The Most Expensive Pool Cue Picture Ever Taken
Most of you have never heard of “The Snap” magazine.
It came and went up in flames (literately) in just a few years, my first advertisement was in this magazine. It was a great read, they did articles on cue makers back then that still influence cue buying to this day. Lot's of things that were said in those articles are accepted as fact today, even though most people have no idea where these “facts” came from in the first place.
I was a new cue maker at the time so I was never covered. But I did meet the publisher, a Mr. Rick Boling at my first BCA Trade show in Nashville, 1991. He helped me with my first advertisement and bought me a fine breakfast very early one morning before the show. I will be forever grateful for his help, sometimes a little push from here or there makes a big difference.
Anyway, this was the cover of the second issue, 1989.
Both David Howard and I are from Jacksoville, Fl.. I was a local pool player, David Howard was a Pool Star. David was winning everything and had a big time sponsor, people listened to what he had to say and tried to copy the way he played.
Before this cover shot was published, no one, and I mean no one, but David Howard broke like this He loved to follow through and put a big bend in his cue. But within six months of this cover shot everyone was doing it, it was like a plague that swept the pool world. This techinque has broken tens of thousands, maybe millions, surely a billion cues.
Cues were free to David at that point in his life, the rest of us had to buy or make them.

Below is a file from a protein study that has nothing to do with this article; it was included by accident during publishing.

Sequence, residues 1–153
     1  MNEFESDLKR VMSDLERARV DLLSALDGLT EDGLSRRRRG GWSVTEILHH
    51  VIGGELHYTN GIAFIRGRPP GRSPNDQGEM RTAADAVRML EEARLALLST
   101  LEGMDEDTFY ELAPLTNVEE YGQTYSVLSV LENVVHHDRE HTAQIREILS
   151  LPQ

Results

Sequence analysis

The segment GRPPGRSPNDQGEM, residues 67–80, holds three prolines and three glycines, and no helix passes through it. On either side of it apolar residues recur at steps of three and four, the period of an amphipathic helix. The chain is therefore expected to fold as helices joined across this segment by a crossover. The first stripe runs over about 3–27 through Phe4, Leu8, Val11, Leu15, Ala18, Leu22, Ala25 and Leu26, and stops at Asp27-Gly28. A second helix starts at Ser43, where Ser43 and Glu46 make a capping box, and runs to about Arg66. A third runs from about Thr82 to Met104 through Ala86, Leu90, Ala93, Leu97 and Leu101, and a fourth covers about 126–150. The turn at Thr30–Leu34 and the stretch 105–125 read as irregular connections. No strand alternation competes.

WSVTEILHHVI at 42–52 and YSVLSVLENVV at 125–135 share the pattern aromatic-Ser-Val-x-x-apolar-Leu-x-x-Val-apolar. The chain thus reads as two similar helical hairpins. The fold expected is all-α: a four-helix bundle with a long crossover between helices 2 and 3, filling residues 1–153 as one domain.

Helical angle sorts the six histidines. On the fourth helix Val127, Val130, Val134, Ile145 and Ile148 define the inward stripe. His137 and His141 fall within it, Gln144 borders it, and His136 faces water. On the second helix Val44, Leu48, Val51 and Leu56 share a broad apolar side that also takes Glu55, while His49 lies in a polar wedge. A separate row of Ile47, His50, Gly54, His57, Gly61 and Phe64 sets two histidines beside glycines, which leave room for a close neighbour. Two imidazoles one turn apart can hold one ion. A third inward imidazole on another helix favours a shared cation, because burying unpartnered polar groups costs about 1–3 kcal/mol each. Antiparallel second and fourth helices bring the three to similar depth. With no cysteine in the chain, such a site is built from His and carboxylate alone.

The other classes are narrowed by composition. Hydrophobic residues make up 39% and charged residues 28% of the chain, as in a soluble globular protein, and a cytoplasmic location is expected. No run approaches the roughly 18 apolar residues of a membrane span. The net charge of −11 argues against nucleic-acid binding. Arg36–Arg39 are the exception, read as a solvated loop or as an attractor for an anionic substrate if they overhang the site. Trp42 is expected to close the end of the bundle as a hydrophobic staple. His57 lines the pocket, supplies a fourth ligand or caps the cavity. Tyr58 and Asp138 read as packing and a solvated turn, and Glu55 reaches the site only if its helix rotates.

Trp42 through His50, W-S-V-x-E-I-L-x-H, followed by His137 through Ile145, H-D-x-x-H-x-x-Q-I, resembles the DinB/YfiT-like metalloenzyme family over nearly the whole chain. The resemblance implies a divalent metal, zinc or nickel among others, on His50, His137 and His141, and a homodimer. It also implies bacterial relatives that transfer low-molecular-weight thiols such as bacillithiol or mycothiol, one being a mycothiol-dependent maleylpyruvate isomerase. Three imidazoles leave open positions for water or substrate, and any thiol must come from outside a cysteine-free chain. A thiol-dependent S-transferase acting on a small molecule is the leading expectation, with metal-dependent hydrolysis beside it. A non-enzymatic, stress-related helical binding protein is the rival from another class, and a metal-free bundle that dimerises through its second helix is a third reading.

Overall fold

Simply said, bending a cue like that will break it.
Maybe not the first time, maybe it will take a year or two or three, but it will break, period. It is impossible to break a pool cue by hitting a five ounce cue ball head on, but if you bend the cue like this picture....
I get this call every week and I have for twenty some years, some of the broken cues I made, some are cheap cues, some were great cues. But I can tell you this about all pool cues, bending them in the middle will break them right behind the joint, eventually.
Maybe you don't even know you do it, , maybe you loaned your cue to a friend two months ago and he does it, maybe it only happend once, but way down deep inside the cue it is cracked or broken and it is only a matter of time.
If you come to my shop with a cue broken like this, I hand you a new cue blank and a 16 ounce framing hammer. I will have you hit the cue on the joint end, with the butt end on a concrete floor, straight on, as hard as you wish until you get tired or the cue breaks. I have never seen one broken in this manner. It takes the leverage of the shaft and the bend in the middle to break a cue at the joint.
It's simple, pool cues are not designed to bend. they are designed to hit a cue ball head on.
BTW, there is an article in this same issue written by Creole Freddie (Fred Yates) on David Howard's break shot. The first line from the one page article says, and I quote, "First, you should keep the cue level.".
The copy of the magazine used in this posting was given to me by dealer at the Super Billiard Expo this year, thank you sir !!